Revisiting Rwanda’s agricultural intensification policy: benefits of embracing farmer heterogeneity and crop-livestock integration strategies
Sung Kyu Kim (),
Fiona Marshall () and
Neil M. Dawson ()
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Sung Kyu Kim: University of Sussex Business School
Fiona Marshall: University of Sussex Business School
Neil M. Dawson: University of East Anglia
Food Security: The Science, Sociology and Economics of Food Production and Access to Food, 2022, vol. 14, issue 3, No 5, 637-656
Abstract The government of Rwanda is promoting agricultural intensification focused on the production of a small number of targeted commodities as a central strategy to pursue the joint policy goals of economic growth, food security and livelihood development. The dominant approach to increase the productive capacity of the land, crops and animal resources has been through large-scale land consolidation, soil fertility management, and the intensive use of biotechnology and external inputs. However, evidence has shown that many Rwandan farmers, who employ various strategies and mixed farming practices based on their specific economic, social, and environmental circumstances, face difficulties adopting the singular prescribed approach to become more productive, modern commodity producers. To empirically explore diversity in smallholders’ strategies and their contributions to livelihoods and compatibility with the recent intensification policies, we conducted household surveys and in-depth qualitative interviews in rural and peri-urban zones in Rwamagana district in Eastern Rwanda. Our analysis demonstrates how the dominant approach to intensification and specialisation overlooks the heterogeneity and dynamic nature of smallholder strategies. Moreover, our findings illustrate that a comprehensive understanding of farmer heterogeneity is necessary to explain the critical disjuncture between the government’s vision of modern agriculture and the ability of many smallholders to engage with this agenda and may inform opportunities to adapt policies to better align productivity goals and livelihoods. In doing so, we contribute to debates about the current framing of intensification policy that promotes Green Revolution technologies and emphasise alternative pathways for more inclusive and resilient agricultural development in sub-Saharan Africa.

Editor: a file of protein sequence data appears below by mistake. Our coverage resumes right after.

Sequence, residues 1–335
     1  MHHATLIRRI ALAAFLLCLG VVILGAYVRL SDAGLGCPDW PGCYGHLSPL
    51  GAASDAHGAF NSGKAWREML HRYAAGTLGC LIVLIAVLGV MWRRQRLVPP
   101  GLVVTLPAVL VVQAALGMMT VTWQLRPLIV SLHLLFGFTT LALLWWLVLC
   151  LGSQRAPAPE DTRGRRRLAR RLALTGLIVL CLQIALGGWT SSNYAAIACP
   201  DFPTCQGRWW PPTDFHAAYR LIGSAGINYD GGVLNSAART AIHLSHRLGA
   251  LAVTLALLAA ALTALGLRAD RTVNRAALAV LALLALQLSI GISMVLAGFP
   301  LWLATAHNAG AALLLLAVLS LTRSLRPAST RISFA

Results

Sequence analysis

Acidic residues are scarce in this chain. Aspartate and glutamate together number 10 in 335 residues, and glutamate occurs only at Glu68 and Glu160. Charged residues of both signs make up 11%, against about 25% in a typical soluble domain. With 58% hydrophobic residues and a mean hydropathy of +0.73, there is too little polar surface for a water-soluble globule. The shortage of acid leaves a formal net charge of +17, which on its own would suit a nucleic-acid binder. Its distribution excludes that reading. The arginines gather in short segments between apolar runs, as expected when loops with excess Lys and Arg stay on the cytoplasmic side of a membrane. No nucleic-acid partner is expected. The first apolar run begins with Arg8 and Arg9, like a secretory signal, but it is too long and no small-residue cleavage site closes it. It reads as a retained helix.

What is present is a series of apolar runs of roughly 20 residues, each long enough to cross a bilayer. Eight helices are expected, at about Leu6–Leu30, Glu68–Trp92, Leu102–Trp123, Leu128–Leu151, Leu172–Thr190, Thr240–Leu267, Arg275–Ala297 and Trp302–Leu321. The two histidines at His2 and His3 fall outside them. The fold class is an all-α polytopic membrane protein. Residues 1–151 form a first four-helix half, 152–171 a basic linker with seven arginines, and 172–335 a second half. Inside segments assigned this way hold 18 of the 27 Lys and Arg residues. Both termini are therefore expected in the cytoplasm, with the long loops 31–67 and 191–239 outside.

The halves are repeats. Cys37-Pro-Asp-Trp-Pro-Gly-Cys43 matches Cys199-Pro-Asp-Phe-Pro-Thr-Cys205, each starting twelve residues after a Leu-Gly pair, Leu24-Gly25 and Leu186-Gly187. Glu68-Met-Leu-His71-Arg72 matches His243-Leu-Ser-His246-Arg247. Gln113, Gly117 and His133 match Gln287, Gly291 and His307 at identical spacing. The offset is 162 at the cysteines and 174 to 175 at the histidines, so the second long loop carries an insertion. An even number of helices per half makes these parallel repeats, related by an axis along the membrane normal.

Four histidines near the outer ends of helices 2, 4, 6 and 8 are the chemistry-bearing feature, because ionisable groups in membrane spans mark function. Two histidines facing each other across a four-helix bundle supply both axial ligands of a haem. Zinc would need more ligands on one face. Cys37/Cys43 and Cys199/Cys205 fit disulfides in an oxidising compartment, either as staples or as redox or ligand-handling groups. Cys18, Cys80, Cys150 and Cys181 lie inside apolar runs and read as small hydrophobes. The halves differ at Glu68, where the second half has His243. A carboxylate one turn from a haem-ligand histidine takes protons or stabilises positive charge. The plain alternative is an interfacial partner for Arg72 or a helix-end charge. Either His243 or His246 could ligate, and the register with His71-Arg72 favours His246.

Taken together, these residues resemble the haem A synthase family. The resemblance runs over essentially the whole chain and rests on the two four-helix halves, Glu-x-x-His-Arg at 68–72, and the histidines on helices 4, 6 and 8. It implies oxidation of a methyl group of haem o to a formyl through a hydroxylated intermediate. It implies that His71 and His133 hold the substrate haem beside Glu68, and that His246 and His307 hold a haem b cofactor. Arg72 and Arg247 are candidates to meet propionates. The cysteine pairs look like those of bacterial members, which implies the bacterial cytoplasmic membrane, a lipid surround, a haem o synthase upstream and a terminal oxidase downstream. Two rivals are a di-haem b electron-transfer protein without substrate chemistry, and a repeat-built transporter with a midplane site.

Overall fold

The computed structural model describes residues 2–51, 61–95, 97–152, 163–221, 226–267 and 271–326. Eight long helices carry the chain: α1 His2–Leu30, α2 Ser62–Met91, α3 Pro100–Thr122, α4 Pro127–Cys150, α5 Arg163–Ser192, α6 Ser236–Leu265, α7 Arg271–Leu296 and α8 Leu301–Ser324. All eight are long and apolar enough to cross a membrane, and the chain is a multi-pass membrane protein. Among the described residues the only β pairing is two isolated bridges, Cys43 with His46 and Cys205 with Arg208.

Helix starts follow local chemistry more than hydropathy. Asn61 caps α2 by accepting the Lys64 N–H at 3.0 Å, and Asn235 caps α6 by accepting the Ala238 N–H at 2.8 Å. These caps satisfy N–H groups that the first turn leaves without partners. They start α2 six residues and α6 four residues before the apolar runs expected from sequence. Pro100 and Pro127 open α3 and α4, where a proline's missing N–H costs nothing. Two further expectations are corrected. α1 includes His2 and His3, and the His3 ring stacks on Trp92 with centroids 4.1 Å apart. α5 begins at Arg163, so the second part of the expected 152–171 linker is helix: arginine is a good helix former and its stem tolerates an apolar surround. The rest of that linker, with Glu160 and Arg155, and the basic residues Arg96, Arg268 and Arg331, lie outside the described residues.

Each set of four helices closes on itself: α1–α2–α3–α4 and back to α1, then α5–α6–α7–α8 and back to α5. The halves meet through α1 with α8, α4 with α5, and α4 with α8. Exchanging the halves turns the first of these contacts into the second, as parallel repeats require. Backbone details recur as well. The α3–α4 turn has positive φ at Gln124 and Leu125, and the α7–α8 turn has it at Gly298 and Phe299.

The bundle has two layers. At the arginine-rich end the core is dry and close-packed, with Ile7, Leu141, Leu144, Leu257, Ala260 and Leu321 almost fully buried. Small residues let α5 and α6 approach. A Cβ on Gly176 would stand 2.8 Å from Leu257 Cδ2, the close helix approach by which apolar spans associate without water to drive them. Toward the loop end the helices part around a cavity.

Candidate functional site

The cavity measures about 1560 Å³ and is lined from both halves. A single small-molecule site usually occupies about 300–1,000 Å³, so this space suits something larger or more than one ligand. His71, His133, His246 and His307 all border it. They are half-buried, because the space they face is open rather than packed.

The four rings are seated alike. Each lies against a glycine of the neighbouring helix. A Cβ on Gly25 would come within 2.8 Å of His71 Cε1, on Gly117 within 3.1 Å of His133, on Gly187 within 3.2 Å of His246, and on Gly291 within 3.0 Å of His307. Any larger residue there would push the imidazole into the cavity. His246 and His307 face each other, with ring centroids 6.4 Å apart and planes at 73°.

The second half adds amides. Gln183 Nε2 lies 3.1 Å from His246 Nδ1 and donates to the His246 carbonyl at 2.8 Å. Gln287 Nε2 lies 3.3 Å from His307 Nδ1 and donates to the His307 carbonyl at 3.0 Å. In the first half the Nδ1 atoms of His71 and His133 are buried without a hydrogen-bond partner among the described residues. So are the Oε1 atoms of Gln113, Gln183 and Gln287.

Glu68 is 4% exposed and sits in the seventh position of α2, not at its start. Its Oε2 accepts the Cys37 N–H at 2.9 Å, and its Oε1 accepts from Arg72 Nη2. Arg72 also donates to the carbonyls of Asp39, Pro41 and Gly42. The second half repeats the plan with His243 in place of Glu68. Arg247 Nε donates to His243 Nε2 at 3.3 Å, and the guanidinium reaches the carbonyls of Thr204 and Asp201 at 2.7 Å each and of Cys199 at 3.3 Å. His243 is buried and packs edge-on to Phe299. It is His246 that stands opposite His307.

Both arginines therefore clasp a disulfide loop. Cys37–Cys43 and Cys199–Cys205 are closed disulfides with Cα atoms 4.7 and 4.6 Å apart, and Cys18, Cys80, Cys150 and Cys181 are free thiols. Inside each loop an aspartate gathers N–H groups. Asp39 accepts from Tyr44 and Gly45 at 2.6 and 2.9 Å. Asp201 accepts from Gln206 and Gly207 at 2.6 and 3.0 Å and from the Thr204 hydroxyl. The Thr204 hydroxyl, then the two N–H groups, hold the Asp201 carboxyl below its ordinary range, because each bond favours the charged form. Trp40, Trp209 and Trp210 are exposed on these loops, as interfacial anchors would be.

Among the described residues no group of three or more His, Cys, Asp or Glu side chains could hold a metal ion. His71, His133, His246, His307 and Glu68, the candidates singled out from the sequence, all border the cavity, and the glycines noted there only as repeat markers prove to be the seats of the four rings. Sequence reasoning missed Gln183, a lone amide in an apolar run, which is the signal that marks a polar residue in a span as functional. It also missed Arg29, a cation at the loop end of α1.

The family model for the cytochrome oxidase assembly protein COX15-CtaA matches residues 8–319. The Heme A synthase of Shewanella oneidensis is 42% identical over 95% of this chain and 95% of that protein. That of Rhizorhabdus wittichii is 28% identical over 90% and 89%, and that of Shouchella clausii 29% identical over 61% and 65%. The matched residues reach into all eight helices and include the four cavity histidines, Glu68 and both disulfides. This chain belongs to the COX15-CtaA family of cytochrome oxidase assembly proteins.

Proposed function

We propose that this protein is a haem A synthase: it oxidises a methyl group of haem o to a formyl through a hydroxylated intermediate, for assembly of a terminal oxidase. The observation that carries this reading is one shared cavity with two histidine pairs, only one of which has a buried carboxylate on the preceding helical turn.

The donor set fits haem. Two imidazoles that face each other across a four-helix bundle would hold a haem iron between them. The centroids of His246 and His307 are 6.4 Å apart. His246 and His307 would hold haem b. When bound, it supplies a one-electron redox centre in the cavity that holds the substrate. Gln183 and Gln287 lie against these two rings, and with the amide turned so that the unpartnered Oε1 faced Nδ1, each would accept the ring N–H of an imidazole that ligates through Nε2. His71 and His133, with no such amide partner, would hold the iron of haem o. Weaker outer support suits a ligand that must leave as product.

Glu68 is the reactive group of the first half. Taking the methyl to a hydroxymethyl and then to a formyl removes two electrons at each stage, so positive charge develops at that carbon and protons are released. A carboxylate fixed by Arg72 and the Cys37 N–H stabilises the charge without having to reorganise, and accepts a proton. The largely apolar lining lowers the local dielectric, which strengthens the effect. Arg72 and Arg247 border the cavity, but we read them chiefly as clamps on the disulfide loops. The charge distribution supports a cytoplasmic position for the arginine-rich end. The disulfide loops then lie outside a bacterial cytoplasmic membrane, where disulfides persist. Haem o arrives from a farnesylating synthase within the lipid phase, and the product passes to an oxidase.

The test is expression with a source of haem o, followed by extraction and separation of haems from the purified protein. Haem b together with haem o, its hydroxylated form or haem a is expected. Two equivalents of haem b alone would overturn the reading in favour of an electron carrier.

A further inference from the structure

Keywords: Agricultural intensification; Crop-livestock integration; Green Revolution for Africa; Mixed farming; Pathways approach; Rwanda (search for similar items in EconPapers)
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